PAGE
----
No. of Recommendations: 10
Greetings, janicerand, the minimum to put on the cards not at the top of the snowball order is the minimum amount your statement says.

That said, many prefer to tack on a couple of extra dollars, or round to a x0.00-style number, just to be sure to top up the amount due.

Of course, on your snowball card, you must ALSO pay its minimum plus every spare screaming dollar and cent you can muster on top of the minimum! That's how you insure a steady ongoing paydown, especially if you have figured out your monthly allotment to the cards at the outset and THEN added your snowball amount to this. This works because with each ongoing payment (assuming you are not SPENDING on cards with balances and assuming your interest rates don't suddenly surge), you are actually shrinking the balances PLUS shrinking the minimum payments owed. Yet if you keep your total monthly payments at least level to the starting total payment, every time you pay, you will be taking a bigger and bigger bite out of the remaining principal balances because more and more of your payment will go towards principal as less interest gets generated by the remaining, shrinking balances.

It works best and fastest if your snowball card is your highest interest rate card because, DOLLAR FOR DOLLAR, the dollars with the highest interest rate attached to them are the ones that grow the fastest. Mow those down first and you rid yourself of the interest they spew at you. Think of it as an infestation: each dollar at 24.99% interest spawns 25 cockroaches in a year (or 2.08 cockroaches in a month), while each dollar at 7.99% interest spawns 8 caterpillars a year (or 0.66 caterpillars in a month). Say you owe $1000 that generates cockroaches and $5000 that generates caterpillars. For every dollar of the cockroaches you pay back in that month, you now have 2.08 fewer of them scuttling around you, while for every dollar of the caterpillars you pay back, there will be 0.66 fewer of them around the next month. Say your snowball is $700 per month and your minimum payment on the cockroaches is $50 while your minimum payment on the caterpillars is $250. So that's $300 you MUST pay, but your snowball is $700 - which is $400 extra dollars you can also pay.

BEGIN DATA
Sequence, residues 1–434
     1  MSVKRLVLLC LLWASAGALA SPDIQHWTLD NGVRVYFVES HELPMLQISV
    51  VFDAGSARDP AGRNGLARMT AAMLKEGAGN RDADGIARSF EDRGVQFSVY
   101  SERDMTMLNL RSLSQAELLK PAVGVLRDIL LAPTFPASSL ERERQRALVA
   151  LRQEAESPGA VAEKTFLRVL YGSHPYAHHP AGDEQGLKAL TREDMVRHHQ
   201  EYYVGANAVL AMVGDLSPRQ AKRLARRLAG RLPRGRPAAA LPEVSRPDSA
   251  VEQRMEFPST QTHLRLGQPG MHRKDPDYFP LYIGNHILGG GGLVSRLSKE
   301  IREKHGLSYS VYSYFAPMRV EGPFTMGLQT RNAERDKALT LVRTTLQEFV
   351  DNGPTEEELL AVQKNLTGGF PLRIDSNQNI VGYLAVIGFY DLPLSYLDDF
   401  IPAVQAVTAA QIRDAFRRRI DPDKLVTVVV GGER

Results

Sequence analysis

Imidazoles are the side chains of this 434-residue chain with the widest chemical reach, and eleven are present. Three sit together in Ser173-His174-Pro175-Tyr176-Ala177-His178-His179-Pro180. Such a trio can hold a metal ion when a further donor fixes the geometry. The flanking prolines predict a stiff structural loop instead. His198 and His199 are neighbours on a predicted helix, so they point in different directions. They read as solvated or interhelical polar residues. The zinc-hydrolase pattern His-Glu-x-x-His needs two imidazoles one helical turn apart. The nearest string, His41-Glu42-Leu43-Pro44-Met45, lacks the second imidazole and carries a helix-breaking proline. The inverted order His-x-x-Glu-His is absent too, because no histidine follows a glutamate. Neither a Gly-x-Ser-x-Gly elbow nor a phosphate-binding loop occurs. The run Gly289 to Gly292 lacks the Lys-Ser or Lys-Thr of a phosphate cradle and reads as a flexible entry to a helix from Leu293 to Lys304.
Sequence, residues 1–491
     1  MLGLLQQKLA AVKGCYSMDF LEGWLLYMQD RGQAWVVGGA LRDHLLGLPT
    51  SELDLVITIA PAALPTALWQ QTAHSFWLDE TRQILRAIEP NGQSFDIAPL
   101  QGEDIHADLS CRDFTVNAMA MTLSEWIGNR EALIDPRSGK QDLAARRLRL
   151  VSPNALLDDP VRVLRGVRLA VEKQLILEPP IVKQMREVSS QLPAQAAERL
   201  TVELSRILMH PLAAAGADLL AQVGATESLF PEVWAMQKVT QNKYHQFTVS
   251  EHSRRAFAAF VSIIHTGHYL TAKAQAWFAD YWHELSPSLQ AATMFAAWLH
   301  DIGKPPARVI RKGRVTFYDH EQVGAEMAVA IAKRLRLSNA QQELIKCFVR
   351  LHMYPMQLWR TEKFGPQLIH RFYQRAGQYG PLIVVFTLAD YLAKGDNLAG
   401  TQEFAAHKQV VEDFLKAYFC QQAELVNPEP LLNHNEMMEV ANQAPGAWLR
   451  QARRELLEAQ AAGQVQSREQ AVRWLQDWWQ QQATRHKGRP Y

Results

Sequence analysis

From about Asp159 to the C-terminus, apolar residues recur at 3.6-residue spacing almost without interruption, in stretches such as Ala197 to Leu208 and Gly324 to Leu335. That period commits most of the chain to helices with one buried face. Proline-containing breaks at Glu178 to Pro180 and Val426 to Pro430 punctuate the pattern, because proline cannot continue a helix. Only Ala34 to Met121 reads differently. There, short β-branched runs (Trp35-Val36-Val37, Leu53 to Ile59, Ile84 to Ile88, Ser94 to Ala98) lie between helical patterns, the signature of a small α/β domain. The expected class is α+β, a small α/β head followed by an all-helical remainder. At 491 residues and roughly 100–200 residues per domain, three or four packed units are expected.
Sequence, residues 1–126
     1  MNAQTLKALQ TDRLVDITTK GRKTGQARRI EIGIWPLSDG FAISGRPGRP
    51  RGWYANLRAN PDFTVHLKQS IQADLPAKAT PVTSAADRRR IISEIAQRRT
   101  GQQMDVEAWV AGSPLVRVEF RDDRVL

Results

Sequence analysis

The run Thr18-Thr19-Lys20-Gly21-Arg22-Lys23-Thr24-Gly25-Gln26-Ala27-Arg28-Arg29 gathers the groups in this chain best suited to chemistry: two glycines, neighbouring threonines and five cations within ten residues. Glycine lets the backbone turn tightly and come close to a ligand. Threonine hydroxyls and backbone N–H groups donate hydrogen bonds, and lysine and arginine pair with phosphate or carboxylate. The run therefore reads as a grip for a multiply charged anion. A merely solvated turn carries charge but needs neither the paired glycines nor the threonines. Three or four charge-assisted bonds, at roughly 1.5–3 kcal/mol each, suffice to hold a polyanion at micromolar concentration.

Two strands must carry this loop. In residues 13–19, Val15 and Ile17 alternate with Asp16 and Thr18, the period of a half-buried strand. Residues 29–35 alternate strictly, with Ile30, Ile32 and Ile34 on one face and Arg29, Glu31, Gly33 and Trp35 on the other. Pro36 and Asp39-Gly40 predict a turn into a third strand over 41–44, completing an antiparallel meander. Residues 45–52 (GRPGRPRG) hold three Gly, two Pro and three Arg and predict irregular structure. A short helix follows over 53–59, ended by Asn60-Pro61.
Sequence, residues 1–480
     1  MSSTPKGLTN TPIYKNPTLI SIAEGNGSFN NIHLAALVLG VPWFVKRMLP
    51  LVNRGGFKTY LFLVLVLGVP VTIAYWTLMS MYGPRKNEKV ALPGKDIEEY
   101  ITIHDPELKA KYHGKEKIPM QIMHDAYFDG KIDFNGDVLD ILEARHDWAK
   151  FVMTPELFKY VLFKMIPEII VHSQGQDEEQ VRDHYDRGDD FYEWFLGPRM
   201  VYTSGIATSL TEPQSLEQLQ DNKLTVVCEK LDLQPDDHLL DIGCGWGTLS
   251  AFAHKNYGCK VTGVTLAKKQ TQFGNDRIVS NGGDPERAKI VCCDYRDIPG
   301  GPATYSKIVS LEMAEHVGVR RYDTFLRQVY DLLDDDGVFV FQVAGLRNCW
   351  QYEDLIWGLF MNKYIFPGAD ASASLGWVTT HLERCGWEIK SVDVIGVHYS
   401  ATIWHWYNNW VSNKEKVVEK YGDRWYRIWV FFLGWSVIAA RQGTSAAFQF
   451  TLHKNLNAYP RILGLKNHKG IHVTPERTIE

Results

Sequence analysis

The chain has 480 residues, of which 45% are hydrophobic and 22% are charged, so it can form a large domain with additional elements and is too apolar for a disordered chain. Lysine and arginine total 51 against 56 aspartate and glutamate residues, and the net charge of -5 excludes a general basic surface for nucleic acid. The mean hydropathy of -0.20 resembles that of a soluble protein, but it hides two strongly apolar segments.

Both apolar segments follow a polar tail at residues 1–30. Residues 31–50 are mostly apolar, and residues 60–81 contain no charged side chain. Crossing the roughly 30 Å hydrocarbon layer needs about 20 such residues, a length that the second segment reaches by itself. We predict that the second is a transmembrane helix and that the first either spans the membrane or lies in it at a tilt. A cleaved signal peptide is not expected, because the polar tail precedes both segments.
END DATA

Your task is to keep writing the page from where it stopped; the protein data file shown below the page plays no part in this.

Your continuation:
So what you'd want to do is keep the $250 payment against the caterpillars, while putting $450 against the cockroaches. Why? Because wouldn't you rather kill off $450 x 2.08 cockroaches = 936 dead roaches the first month along with killing off $250 x 0.66 caterpillars = 165 dead caterpillars the first month AS OPPOSED TO killing off more caterpillars (meaning more of your snowball towards the lower interest debt) while allowing the cockroaches to fester?

Eeewww. That's why focusing hardest on your highest interest rate debt gets you out of the pestilence that much quicker. And of course once the cockroaches are completely exterimated with your highest interest rate debt paid off, the caterpillars now feel the full brunt of your $700 a month payments UNDIVIDED and just imagine how fast the kill rate becomes at that point!

Hope I did not ruin your appetite - but the more graphically you think of your debt as truly icky, the more motivated you become to pay it off in the fastest possible fashion and that really does ideally mean every available snowball dollar to your targeted debt while paying the minimum on all other debts in turn, all the while never reducing your monthly payment allotment until the bugs are dead, dead, dead.

Print the post  


UGC Disclosure Notice Regarding Credit Card Posts
Community board discussions about credit cards are not provided or commissioned by banks who may have advertising relationships with The Motley Fool. Responses have not been reviewed, approved or otherwise endorsed by the bank advertiser. It is not the bank advertiser's responsibility to ensure all posts and/or questions are answered.
TMF Credit Center
The Motley Fool Credit Center arms you with real tools and simple messages, that will help you in every credit situation.
When Life Gives You Lemons
We all have had hardships and made poor decisions. The important thing is how we respond and grow. Read the story of a Fool who started from nothing, and looks to gain everything.
Contact Us
Contact Customer Service and other Fool departments here.
Work for Fools?
Winner of the Washingtonian great places to work, and Glassdoor #1 Company to Work For 2015! Have access to all of TMF's online and email products for FREE, and be paid for your contributions to TMF! Click the link and start your Fool career.